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Vajpayee's legacy: Laying the foundation for India's telecom revolution

Vajpayee government took some historic decisions to fast-track the growth in the telecom sector.

twitter-logo Manu Kaushik        Last Updated: August 16, 2018  | 20:25 IST
Vajpayee's legacy: Laying the foundation for India's telecom revolution

When former prime minister Atal Bihari Vajpayee formed the government in 1998, the telecom sector was in a complete mess. The telecom companies were bleeding and the teledensity was quite low. The usage of telecom services didn't gather pace due to expensive call rates (data didn't exist at the time!). Long before the Reliance Jio's big entry into the sector, Vajpayee government took some historic decisions to fast-track the growth in the telecom sector. Here's a list of some crucial decisions:

1. Since the introduction of New Telecom Policy 1994, the telecom sector growth picked up considerably. The teledensity jumped from 1.2 per cent in 1994 to about 2.3 per cent in 1999. Despite such high growth rates, India lagged behind some matured countries in terms of telecom penetration. The biggest bottleneck to the growth was high annual license fees that operators were supposed to pay to the government.

2. The NTP 1999 shifted to a revenue sharing model, whereby telcos would be charged one-time entry fee in addition to revenue sharing - about 15 per cent of their annual revenues - as against a multi-year license fee till then. The license was extremely high in those days. Telcos operating in metros were paying Rs 6,023 per subscriber license fee to the exchequer. Since the costs of services were high, the customers were charged exorbitant rates. In 1998, for instance, the income call rates were Rs 16.80 per minute, and the outgoing rates were even higher.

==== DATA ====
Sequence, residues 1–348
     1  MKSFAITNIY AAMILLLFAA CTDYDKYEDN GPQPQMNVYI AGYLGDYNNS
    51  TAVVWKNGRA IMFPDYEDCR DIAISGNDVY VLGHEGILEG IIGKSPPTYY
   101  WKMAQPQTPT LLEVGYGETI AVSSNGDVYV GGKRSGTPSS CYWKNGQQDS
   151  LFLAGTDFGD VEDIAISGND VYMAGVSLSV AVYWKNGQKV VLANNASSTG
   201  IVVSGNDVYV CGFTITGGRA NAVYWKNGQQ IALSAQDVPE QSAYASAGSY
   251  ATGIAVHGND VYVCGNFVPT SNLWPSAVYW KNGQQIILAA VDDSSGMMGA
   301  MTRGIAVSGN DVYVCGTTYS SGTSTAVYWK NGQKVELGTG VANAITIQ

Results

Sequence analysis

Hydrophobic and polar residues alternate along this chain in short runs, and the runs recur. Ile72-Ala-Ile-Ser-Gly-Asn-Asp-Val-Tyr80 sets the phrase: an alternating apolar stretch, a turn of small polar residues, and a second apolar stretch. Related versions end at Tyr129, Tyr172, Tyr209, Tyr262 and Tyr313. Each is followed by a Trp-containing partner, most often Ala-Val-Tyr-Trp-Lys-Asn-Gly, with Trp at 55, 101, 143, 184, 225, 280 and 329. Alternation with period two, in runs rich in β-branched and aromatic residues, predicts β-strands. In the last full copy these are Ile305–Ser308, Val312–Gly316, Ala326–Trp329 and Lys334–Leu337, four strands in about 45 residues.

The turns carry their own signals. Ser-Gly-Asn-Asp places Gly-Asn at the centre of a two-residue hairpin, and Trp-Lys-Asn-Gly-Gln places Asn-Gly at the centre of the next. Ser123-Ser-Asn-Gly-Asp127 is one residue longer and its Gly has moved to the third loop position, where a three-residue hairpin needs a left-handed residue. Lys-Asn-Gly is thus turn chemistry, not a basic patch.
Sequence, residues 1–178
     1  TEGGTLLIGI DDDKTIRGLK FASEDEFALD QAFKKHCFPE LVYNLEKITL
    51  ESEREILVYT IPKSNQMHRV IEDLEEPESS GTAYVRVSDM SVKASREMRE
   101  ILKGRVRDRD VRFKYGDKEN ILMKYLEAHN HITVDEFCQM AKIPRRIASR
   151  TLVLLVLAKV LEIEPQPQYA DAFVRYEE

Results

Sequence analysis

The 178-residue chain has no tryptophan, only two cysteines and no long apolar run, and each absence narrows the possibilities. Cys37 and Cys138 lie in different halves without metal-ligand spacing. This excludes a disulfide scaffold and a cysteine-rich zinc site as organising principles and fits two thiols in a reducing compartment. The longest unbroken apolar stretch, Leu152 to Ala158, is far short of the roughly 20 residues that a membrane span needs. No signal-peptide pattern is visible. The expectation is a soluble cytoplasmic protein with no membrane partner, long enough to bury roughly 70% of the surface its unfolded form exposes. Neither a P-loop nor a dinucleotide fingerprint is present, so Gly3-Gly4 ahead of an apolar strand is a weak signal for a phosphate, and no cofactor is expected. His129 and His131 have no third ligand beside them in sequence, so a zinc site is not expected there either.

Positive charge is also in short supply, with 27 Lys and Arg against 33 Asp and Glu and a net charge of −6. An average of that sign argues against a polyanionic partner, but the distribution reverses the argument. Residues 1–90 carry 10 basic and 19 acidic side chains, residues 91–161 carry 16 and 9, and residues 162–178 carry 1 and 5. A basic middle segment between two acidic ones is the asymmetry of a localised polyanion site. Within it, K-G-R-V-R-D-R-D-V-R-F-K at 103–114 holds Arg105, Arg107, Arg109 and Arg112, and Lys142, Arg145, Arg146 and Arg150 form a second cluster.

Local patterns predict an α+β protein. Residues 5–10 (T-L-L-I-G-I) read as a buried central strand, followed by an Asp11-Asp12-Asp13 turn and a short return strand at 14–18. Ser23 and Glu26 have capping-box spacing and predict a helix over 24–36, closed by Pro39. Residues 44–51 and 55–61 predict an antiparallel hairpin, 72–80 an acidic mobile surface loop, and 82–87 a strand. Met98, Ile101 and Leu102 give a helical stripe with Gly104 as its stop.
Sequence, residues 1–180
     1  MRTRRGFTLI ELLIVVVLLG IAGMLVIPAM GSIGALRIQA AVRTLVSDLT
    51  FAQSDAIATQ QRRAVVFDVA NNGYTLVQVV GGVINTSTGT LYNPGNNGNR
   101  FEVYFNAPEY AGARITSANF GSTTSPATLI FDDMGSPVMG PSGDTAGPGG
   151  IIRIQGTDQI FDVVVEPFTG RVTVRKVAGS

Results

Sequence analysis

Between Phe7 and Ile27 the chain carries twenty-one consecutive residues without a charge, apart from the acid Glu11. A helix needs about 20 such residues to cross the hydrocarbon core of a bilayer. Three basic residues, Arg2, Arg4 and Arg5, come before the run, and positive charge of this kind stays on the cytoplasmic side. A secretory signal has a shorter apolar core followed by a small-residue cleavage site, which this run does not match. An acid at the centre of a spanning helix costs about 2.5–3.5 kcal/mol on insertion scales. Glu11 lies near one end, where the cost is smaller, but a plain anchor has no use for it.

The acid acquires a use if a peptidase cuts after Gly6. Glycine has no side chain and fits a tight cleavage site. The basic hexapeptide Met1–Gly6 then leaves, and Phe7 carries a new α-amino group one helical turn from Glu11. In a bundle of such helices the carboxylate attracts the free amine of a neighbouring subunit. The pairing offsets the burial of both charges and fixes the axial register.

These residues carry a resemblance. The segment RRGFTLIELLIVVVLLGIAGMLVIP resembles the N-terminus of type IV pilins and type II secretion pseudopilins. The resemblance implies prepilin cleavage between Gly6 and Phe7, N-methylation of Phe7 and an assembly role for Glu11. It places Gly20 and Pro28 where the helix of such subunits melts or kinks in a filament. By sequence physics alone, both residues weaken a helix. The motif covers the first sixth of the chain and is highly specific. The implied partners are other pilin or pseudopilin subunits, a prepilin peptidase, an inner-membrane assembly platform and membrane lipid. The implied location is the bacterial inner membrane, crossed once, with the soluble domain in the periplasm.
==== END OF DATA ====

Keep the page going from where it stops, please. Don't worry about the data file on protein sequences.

3. In 1999, some 22 cellular operators reported combined losses of Rs 7,700 crore. The revenue sharing model gave a huge fillip to telecom companies to invest in infrastructure. With lower revenues to share with the government, the telcos were able to lower tariffs which, in turn, led to higher consumption of telecom services and better teledensity.

4. During the Vajpayee era, the government was able to separate the policy formulation arm (Department of Telecom) from the service provider arm (BSNL). BSNL, which was founded in 2000, was corporatised with an aim to compete with private operators. For the first few years, BSNL was able to garner significant market share - equalling the customer base of Airtel by 2004. In a 2015 statement, union minister Ravi Shankar Prasad had said that "Vajpayee-led NDA government at the Centre had left BSNL with a profit of Rs 10,000 crore." But since then, the state-owned telecom operator is going downhill.

5. Setting up of TDSAT (telecom disputes settlement and appellate tribunal) in 2000 was a step to reconstitute telecom regulator TRAI and take away the judicial powers from it. The job of TDSAT is to resolve disputes in the sector, and its orders could only be challenged in the apex court.

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